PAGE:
It still takes a bit of guts and some nose holding to keep this stock on board in this environment.
It’s been tough to stay long cybersecurity stocks. Former Sarge fave Zscaler (ZS) reports next week. That one became a casualty earlier this year as market conditions forced a narrowing of my book, and a beefing up of cash levels. My only two longs in the space, a space I continue to have long-term confidence in, were that one and Palo Alto Networks (PANW) . That one, I had hung onto despite recent performance as I did not want to take my exposure down to zero and PANW peaked far later than did most of the firm’s competitors.
For the firm’s fiscal third quarter, Palo Alto Networks posted adjusted EPS of $1.79 (GAAP EPS: $-0.74) on revenue of $1.39B. The firm beat Wall Street on both the top and bottom lines, as the adjusted EPS number was good for year over year growth of 29.7% as revenue grew 29.9%. Billings increased 40% over the one year ago period to $1.8B, while remaining performance obligation also increased 40% (to $6.9B). If one is wondering about the tremendous gap between adjusted and GAAP results, the firm took an adjustment of $2.53 per share for “share-based compensation” related charges.
For the current quarter: Palo Alto sees total billings landing in between $2.32B and $2.35B, which would be good for y/y growth of 24% to 26%, total revenue of $1.53B to $1.55B (growth of 25% to 27%), and adjusted EPS of $2.26 to $2.29. Wall Street had been at $2.22 on this metric.
For the full year (already three quarters in): Palo Alto sees total billings landing in between $7.106B and $7.136B, which would be good for y/y growth of 30% to 31%, total revenue of $5.4881B to $5.501B (growth of roughly 29%) and above consensus view of $5.47B. The firm also sees adjusted EPS of $7.43 to $7.46, and adjusted free cash flow margin of 32% to 33%. Wall Street had been at $7.29 on EPS.
I can find eight sell-side analysts that are both rated at four or five stars by TipRanks and have opined on PANW since earnings were released last night. All eight of these analysts rate the stock at a “Buy” or their firm’s equivalent. The average target price of the eight is $621.25, with a high of $720 (Gray Powell of BTIG), and a low of $580 (Dan Ives of Wedbush). That high is $95 above the second highest target price here, which makes it sort of an outlier. Omitting the high and low, the average of the other six targets is $611.67.
Dan Ives wrote in a note to his firm’s clients, “The shift to cloud is a massive tailwind for (PANW) as the company is in the right spot at the right time to benefit from this multi-year tidal wave of cyber-security enterprise spending, despite macro jitters right now clouding the street’s view of the stock/sector.” Despite this, Ives cut his target price to $580 from $660 in order to reflect the lower multiples this market is awarding to software and cybersecurity companies.
This is where what was a great quarter gets tricky for me. As a trader, I rely almost entirely on technicals and trend. As an investor, fundamental analysis becomes at least as important (actually more so) than anything else. Palo Alto ended the quarter (April 30th) with a net cash position of $3.875B, bringing current assets up to $5.698B. Current liabilities are running at $7.677B, bloated by growth of more than $2B in convertible senior notes (yes, listed as current). This leaves the firm with a current ratio of 0.74, which you know I don’t like.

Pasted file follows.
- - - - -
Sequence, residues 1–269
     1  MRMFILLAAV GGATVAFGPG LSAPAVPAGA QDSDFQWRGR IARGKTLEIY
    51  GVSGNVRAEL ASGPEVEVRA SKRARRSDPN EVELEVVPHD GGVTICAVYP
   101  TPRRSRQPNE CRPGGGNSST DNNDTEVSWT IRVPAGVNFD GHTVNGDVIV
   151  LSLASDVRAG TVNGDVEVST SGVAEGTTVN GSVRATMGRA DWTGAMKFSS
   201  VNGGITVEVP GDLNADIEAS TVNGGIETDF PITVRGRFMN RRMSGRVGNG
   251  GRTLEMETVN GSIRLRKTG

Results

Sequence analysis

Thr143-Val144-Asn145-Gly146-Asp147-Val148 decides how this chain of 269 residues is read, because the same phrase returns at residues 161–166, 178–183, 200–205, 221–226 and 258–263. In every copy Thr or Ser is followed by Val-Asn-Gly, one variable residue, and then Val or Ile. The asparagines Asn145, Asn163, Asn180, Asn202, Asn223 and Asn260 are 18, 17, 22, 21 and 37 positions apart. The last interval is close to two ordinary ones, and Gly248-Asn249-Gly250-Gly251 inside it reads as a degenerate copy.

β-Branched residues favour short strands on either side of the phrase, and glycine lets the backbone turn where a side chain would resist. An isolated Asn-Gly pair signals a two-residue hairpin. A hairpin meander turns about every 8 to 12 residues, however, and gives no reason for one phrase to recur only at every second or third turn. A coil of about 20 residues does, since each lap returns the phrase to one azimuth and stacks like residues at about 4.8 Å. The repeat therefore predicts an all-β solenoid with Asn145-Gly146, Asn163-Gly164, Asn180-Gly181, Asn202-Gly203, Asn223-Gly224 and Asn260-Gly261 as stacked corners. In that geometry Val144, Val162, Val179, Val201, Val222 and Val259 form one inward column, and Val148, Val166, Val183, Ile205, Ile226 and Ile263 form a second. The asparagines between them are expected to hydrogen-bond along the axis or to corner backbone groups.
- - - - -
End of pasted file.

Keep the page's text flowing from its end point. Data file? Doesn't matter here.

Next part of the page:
The firm stands with total liabilities of $11.1B, which includes a “goodwill” entry of $2.731B and other intangibles worth $412M. Total liabilities add up to $8.7B. This includes no net convertible senior notes as they have all been deemed current. As mentioned above, this is a tricky balance sheet, because the debt obligations are in the here and now, making for a current ratio that would imply potential trouble should the environment change for the worse. That said, the firm’s cash position is larger than the entire entry for net convertible notes ($3.676B). I think I am going to give this balance sheet a passing grade, despite failing on a key metric of mine because they have the cash on hand to cover their tail.
Obviously this was a nice quarter, and the guidance is fabulous. The war in Ukraine, what seems like a permanent global condition of growing cyber-crime and nefarious activities by a number of national actors, ensures in my opinion that there will be a need for ever improving provisions of cybersecurity software. As Dan Ives mentioned, valuations are contracting. PANW still trades at 58 times forward looking earnings. Zscaler trades at something like 240 times. That means it still takes a bit of guts and some nose holding to keep these stocks on board in this environment. It’s as if we almost have to make an exception for cybersecurity because we know that there will be ongoing growth in demand.
My idea is to hold a smallish long position in PANW and to trade a small portion of almost equal size around the core long. This way, I can only be “half-in” when it gets messy, but never actually takes exposure down to zero in an area of some conviction. Now what to do with ZS? Next Thursday. You know I won’t be able to resist.